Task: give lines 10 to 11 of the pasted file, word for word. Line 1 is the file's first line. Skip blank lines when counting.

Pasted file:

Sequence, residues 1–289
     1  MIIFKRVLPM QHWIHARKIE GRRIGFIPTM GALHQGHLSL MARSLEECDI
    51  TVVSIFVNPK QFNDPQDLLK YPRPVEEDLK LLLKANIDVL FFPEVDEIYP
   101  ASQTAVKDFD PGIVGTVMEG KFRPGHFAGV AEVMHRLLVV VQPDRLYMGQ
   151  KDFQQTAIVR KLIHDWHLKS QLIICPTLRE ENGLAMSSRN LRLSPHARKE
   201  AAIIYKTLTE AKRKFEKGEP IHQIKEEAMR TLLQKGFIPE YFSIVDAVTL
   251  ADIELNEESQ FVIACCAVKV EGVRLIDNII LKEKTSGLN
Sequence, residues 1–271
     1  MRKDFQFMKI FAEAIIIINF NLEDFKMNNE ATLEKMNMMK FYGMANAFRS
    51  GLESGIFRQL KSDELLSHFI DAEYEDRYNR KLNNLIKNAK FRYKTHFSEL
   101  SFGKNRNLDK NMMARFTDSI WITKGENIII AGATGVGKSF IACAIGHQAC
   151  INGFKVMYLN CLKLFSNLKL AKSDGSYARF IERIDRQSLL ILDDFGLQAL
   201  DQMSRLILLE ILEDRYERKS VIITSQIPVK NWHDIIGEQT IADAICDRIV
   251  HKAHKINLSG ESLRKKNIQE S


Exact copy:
    51  GLESGIFRQL KSDELLSHFI DAEYEDRYNR KLNNLIKNAK FRYKTHFSEL
   101  SFGKNRNLDK NMMARFTDSI WITKGENIII AGATGVGKSF IACAIGHQAC